After we take these statutorily determined expenses, we then look at your other monthly expenses.  For example, do you have children in school under the age of 18?  Deduct $137.50 per child.  Do you have life insurance? Deduct your life insurance.  Do you pay real estate taxes?  Deduct your real estate taxes.  There are quite a few more of these categories – most of them a bit difficult to decipher even for an attorney, but they are there, and an experience attorney will get you every deduction you qualify for.  This is another reason why you should not rely on online forms to complete the means test for you, or document preparers.  Most of those guys will run the basic test, maybe check the set deduction, and then send you down the path to a Chapter 13 without even checking for any other deductions that are available for you.   Finally, if you have any secured debts (think house with a mortgage, car with a car loan) or any tax debts we also get to deduct a set monthly amount for your expenses connected to that.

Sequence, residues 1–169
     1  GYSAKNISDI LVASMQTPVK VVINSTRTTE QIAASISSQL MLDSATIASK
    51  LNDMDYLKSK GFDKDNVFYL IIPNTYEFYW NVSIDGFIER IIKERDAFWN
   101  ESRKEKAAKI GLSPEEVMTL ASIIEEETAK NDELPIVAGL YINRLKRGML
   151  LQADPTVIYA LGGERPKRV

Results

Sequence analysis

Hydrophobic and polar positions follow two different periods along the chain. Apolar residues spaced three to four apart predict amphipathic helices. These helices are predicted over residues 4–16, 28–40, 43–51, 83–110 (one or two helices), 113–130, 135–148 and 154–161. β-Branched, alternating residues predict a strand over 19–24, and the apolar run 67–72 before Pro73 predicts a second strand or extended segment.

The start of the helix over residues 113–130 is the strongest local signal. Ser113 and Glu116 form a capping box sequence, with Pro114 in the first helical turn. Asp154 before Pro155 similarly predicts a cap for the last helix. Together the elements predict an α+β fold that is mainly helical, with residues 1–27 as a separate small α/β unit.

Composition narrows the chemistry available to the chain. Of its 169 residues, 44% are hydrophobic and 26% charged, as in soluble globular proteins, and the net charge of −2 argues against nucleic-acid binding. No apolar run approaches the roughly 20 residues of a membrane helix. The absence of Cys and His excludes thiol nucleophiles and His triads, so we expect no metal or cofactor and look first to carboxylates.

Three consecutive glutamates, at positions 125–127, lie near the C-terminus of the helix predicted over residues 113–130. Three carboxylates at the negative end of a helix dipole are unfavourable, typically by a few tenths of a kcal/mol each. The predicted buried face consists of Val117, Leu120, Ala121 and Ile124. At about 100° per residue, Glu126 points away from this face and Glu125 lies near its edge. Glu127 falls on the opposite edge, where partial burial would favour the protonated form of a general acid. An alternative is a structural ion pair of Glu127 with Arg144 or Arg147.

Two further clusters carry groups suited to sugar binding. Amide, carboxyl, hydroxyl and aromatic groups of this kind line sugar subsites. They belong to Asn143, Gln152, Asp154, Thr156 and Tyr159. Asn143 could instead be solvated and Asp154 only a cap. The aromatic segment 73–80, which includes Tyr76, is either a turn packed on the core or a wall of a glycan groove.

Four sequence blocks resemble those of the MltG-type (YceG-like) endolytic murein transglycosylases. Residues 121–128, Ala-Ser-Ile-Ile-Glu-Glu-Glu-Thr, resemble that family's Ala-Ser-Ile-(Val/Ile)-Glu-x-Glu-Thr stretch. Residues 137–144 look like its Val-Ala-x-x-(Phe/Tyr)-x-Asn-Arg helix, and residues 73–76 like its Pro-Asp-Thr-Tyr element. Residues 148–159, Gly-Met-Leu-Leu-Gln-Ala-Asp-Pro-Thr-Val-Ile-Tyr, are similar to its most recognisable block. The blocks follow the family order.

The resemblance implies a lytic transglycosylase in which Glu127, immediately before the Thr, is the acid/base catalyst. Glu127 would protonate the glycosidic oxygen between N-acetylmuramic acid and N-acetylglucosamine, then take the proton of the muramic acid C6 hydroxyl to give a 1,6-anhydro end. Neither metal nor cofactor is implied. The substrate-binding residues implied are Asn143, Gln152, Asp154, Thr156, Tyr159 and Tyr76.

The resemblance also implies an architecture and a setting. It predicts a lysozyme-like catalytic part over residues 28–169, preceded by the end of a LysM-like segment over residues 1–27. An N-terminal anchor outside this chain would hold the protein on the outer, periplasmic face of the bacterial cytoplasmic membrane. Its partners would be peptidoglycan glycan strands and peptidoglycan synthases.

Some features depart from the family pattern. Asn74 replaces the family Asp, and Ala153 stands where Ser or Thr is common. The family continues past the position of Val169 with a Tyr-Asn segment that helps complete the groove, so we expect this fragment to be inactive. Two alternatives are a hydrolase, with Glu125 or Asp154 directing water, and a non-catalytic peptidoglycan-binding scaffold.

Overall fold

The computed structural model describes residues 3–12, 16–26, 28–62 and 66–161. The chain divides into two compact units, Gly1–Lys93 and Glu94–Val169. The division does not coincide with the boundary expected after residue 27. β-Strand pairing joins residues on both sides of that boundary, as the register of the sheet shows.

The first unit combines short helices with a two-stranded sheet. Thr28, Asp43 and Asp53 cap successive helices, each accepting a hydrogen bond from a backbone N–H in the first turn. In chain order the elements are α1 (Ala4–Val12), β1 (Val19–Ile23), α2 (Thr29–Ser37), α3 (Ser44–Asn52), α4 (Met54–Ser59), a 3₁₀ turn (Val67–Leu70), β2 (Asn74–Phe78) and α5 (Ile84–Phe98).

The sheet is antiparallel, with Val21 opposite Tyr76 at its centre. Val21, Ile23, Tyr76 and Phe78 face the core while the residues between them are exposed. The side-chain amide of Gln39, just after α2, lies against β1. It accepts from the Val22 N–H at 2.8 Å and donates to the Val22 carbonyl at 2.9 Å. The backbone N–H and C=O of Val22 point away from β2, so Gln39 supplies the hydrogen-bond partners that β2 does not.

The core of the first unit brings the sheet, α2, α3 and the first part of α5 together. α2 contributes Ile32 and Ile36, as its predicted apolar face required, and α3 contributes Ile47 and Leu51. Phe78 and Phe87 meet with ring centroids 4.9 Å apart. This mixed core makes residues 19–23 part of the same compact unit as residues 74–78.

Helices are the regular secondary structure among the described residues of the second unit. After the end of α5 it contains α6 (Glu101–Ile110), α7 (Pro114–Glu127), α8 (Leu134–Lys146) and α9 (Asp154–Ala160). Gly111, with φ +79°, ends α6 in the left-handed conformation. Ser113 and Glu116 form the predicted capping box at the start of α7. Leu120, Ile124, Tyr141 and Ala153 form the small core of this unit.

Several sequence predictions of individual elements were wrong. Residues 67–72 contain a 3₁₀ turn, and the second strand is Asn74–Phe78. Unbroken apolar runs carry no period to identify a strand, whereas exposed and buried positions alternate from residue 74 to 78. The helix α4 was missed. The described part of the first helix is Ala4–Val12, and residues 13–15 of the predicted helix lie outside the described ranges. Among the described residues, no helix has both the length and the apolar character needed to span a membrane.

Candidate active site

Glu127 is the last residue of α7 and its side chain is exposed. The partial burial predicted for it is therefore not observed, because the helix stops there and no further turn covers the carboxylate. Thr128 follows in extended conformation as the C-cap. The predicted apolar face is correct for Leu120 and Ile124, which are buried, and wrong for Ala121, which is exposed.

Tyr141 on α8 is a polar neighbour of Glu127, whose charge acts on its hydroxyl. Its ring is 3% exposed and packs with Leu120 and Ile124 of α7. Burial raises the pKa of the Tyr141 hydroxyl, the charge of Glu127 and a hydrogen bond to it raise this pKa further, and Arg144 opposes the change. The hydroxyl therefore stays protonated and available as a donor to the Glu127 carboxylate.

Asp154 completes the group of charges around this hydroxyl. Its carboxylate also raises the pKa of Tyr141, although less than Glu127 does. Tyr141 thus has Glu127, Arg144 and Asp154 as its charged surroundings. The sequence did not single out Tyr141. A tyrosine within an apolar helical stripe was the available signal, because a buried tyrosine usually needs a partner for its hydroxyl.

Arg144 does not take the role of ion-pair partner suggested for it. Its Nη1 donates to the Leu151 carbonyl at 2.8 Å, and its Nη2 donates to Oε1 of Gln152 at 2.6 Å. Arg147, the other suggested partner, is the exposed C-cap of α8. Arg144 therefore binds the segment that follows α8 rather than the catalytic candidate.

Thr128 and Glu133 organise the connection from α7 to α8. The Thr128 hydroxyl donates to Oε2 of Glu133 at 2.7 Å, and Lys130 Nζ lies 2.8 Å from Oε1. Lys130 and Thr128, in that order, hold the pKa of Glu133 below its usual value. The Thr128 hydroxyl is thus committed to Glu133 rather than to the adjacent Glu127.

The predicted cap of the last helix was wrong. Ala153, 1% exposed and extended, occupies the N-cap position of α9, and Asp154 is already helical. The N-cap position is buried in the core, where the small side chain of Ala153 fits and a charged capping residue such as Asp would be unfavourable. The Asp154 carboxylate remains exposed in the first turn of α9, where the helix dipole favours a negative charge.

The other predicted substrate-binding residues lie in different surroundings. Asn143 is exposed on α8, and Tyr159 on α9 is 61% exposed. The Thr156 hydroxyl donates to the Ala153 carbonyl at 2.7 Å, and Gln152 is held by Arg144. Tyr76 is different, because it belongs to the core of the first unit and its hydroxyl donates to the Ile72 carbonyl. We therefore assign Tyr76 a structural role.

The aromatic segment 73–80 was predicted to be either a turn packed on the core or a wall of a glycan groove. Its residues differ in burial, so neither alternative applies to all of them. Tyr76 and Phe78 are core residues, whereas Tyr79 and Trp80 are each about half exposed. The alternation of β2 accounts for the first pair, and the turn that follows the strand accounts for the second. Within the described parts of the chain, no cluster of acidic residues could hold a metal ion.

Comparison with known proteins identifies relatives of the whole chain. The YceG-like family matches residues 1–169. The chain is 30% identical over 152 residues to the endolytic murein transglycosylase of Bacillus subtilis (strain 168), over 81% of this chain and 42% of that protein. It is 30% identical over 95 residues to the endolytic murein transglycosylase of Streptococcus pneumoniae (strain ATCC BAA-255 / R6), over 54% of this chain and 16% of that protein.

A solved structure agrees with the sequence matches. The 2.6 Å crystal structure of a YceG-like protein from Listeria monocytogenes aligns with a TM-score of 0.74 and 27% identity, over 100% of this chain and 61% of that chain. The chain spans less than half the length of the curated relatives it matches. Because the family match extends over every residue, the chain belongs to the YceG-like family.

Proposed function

Once all that is said and done many potential clients that thought they had not options other than a Chapter 13, all of the sudden have all sorts of options… They can get their fresh start right away – stop worrying, and move on with their lives, and all because someone actually took the time to calculate their eligibility.  Or if their budget allows, they can choose to be in a Chapter 13, but how the means test works there is quite another story.  If you think you might need to file for bankruptcy relief, and you want to find out more about it, keep on reading, do your research, and then call a lawyer.